RAF 'willing to launch air strikes against Isis in Afghanistan'
Head of the RAF signals the UK is willing to launch air strikes against Isis in Afghanistan to combat rising terror threat as Dominic Raab says Britain ‘retains the right to exercise self-defence’
- Head of RAF signalled UK willing to launch air strikes against Isis in Afghanistan
- Sir Mike Wigston said ‘we’ve got to be able to play a global role’ in defeating Isis
- Meanwhile, Dominic Raab said the UK ‘retains the right to exercise self-defence’
Britain is prepared to launch air strikes against Isis terrorists in Afghanistan, the head of the Royal Air Force has signalled.
Air Chief Marshal Sir Mike Wigston, the Chief of the Air Staff, said the UK must be able to ‘play a global role in the global coalition to defeat Daesh’ and that could include strikes.
Meanwhile, Dominic Raab, the Foreign Secretary, has said the UK will work with other nations to defeat Isis ‘by all means available’.
Mr Raab said Britain ‘retains the right to exercise self-defence and that must include in relation to terrorist groups operating from abroad’.
The comments came after the UK ended its 20 year deployment in Afghanistan and amid fears the chaos in the country caused by the withdrawal of Western forces and the Taliban takeover could lead to a heightened terror threat.
Air Chief Marshal Sir Mike Wigston, the Chief of the Air Staff, said the UK must be able to ‘play a global role in the global coalition to defeat Daesh’ and that could include strikes
Dominic Raab, the Foreign Secretary, has said the UK will work with other nations to defeat Isis ‘by all means available’
The US-led coalition to defeat Isis issued a statement yesterday in which it vowed to continue to work to ‘effectively counter’ the ‘dangerous threat’ posed by the group.
The coalition said: ‘In that effort, we will draw on all elements of national power—military, intelligence, diplomatic, economic, law enforcement—to ensure the defeat of this brutal terrorist organization.
‘We will continue to apply robust counterterrorism pressure against Daesh/ISIS wherever it operates.’
Sir Mike suggested in an interview with The Telegragh that the UK will be willing to conduct airstrikes against the group.
He said: ‘Ultimately what this boils down to is that we’ve got to be able to play a global role in the global coalition to defeat Daesh, whether it’s strike, or whether it’s moving troops or equipment into a particular country, at scale and at speed.’
He added: ‘If there’s an opportunity for us to contribute I am in no doubt that we will be ready to – that will be anywhere where violent extremism raises its head, and is a direct or indirect threat to the UK and our allies.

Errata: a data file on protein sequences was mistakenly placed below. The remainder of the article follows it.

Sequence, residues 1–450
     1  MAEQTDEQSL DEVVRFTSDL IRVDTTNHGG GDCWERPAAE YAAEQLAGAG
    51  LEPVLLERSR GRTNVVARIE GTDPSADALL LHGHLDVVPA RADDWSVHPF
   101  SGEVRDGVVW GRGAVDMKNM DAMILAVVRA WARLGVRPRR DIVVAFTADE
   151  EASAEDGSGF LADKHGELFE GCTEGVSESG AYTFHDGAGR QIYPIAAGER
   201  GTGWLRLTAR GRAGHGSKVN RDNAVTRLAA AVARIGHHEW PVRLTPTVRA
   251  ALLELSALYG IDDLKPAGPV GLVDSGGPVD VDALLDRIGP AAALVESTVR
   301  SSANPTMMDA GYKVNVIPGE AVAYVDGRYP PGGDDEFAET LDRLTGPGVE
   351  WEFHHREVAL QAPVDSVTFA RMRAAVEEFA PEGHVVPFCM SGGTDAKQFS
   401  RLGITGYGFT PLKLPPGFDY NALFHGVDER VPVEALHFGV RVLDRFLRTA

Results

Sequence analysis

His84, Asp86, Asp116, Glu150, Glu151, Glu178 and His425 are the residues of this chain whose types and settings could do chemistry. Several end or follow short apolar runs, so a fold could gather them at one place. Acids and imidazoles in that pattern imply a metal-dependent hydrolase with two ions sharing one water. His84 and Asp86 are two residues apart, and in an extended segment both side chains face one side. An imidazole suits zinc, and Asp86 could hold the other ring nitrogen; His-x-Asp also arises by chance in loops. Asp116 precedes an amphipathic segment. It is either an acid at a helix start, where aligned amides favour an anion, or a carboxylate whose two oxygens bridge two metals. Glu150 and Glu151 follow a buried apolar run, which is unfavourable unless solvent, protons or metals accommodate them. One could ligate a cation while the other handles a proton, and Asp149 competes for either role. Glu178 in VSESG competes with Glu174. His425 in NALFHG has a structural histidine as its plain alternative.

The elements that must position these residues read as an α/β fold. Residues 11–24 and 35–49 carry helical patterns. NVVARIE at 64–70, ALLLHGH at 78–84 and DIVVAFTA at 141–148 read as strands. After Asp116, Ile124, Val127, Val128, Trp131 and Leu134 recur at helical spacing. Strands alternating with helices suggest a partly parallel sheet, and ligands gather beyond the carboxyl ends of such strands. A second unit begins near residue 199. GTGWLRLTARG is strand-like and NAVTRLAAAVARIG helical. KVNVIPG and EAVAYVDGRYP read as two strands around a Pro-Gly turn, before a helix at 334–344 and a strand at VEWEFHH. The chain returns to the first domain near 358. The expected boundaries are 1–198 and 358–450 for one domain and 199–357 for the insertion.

‘Afghanistan is probably one of the most inaccessible parts of the world, and we’re able to operate there.’
Mr Raab responded to the coalition statement by saying the UK would continue, along with its partners, to show ‘unwavering collective resolve to combat Daesh networks by all means available, wherever they operate’.
The Foreign Secretary was asked to elaborate on Sir Mike’s comments this morning but he declined, telling Sky News: ‘Well, I am not going to comment any more on the operational details that the admiral referred to.
‘But of course, in extremis, the UK retains the right to exercise self-defence and that must include in relation to terrorist groups operating from abroad.’
Mr Raab today insisted that there had been ‘real tangible gains’ made as a result of the conflict in Afghanistan.
He said: ‘You have got to look at the gains that were made because of the sacrifice of so many British forces, US forces and allied forces.
‘We hadn’t seen in that 20 years Afghanistan used as a base for terrorist attacks abroad.
Thee UK ended its 20 year deployment in Afghanistan at the weekend as British military personnel left Kabul airport
‘We had, with our aid money and our wider development policy, got 10 million more children into education.
‘I think by the time we have left, four in 10 of those were girls. If you look at the maternal mortality rate, so mums dying in pregnancy or in childbirth, that was down by close to 50 per cent.
‘So there were real tangible gains for all that sacrifice. Of course now the focus is to recognise the new reality, learn the lessons of course from it but also focus on what we can do going forward.’
Source: Read Full Article